Funded by the AHRC, this collaborative research project examines theatre spectacle and spectatorship in the long nineteenth century by considering it as a significant and integrated part of visual culture. It brings together Jim Davis, Kate Newey, Pat Smyth and Kate Holmes from the University of Warwick Theatre & Performance Studies and University of Exeter Drama departments.
Our focus is on how the nineteenth century ushered in a revolution in the way people looked and were looked at and how theatrical spectacle was both a facet and reflection of modernity in Britain (with France providing a comparative study). By looking at the interactions between staging, new technologies, and the visual arts we want to consider:
- how spectacle and scenography contributed to the action of a production, rather than functioning as a static pictorial background;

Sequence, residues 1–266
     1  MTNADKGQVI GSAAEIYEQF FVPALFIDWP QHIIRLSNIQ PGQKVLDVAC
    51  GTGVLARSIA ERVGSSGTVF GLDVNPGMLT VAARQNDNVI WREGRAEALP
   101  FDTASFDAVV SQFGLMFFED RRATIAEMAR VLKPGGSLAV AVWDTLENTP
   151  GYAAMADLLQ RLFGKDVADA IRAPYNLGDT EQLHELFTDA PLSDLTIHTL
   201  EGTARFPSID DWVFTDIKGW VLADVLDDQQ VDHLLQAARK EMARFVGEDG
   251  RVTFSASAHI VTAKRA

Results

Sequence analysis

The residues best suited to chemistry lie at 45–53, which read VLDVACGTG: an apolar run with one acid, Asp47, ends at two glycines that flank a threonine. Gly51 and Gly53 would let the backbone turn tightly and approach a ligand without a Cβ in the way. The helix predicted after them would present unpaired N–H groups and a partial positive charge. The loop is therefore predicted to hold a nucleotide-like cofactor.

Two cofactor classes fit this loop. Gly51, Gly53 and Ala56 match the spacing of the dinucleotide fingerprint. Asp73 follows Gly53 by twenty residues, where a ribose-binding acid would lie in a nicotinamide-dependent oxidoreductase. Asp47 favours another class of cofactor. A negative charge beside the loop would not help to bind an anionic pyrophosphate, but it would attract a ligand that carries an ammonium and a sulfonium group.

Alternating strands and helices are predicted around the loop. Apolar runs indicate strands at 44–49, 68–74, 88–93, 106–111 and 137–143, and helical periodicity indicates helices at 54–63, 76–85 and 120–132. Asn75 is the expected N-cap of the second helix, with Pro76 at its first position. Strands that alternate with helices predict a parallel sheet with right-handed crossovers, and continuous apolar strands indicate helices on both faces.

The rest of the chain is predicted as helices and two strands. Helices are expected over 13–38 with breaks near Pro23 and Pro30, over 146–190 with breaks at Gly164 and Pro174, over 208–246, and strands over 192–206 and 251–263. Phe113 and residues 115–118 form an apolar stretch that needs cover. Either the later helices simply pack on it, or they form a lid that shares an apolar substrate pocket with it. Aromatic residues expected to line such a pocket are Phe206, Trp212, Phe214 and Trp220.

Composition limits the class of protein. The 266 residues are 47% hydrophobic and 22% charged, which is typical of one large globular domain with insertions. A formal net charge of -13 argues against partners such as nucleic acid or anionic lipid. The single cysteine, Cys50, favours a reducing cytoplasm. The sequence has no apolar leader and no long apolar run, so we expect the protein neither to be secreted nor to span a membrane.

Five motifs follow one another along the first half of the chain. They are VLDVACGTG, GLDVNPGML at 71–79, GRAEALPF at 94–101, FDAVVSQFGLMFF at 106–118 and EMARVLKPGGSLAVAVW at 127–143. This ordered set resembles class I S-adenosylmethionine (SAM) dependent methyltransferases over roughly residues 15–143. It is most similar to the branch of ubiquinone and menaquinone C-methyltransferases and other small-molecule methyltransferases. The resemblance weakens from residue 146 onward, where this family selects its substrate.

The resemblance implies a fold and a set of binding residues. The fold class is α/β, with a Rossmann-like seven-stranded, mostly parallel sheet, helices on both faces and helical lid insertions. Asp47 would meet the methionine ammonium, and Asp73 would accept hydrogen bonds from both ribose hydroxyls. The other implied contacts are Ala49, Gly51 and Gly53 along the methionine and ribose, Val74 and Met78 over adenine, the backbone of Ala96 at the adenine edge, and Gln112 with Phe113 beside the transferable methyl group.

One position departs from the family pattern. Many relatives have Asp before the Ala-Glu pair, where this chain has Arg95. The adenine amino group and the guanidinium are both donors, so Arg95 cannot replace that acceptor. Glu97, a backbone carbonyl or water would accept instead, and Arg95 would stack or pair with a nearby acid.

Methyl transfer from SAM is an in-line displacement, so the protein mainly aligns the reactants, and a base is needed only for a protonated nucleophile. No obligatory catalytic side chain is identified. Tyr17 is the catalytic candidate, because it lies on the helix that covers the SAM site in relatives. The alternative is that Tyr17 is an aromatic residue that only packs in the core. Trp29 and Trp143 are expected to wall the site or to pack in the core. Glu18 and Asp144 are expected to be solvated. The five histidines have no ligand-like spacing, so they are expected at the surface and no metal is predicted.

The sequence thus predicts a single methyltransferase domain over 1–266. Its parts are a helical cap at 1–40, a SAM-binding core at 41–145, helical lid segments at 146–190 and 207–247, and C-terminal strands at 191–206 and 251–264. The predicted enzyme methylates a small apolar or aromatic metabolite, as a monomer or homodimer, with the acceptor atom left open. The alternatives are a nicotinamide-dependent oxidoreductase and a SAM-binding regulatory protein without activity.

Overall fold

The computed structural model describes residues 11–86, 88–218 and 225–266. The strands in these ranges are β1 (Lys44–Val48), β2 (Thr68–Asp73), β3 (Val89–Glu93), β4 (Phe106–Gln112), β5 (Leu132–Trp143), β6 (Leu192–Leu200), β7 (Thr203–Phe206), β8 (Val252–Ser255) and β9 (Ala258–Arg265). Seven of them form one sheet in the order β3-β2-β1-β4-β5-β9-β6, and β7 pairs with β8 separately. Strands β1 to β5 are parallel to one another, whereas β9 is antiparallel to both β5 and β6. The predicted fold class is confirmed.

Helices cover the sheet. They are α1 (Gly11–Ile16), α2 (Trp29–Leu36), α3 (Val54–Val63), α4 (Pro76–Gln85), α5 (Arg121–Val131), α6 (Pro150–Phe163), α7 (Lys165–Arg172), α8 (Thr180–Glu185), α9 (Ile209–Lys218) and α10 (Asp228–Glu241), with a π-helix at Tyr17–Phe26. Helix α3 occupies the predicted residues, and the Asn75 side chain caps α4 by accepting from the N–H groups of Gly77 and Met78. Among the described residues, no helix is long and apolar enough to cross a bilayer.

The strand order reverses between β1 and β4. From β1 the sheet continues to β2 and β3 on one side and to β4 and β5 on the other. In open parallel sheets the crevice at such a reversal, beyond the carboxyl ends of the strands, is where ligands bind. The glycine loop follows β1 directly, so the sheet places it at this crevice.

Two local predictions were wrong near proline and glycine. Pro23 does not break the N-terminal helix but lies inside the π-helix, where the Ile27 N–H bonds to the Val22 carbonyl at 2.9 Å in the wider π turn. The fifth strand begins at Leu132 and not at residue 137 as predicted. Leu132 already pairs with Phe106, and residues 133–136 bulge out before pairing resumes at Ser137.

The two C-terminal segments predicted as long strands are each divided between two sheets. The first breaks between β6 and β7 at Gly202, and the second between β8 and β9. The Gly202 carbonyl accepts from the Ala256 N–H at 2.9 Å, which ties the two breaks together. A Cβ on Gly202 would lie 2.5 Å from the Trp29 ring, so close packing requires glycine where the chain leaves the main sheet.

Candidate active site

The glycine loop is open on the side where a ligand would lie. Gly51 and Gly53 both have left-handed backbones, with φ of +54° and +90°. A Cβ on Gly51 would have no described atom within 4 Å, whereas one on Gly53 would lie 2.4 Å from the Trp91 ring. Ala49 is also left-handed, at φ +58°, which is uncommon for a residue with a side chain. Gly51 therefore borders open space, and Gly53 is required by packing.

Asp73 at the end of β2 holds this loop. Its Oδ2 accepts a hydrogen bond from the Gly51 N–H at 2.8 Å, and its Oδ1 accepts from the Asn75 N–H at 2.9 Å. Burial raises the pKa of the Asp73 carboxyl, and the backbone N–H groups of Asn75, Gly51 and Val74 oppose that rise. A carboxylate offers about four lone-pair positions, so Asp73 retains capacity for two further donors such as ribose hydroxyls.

- the ways in which familiar pictorial images took on new meanings on stage;
- the agency of spectators in actively interpreting the meanings produced by stage spectacle;
- how pre-naturalist staging can be seen as innovative and experimental; and,
- nineteenth-century illusionism in relation to changing definitions of the ‘real’.
Running from 2018-21, we will be organising conferences, exhibitions and public engagement activities, working with partners at the Bill Douglas Cinema Museum, University of Bristol Theatre Collection and Promenade Promotions.
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Picture Credit: Sadler’s Wells Theatre, Rowlandson & Pugin, aquatinted by Bluck, published by Ackermann, 1809, V&A Theatre and Performance Archive.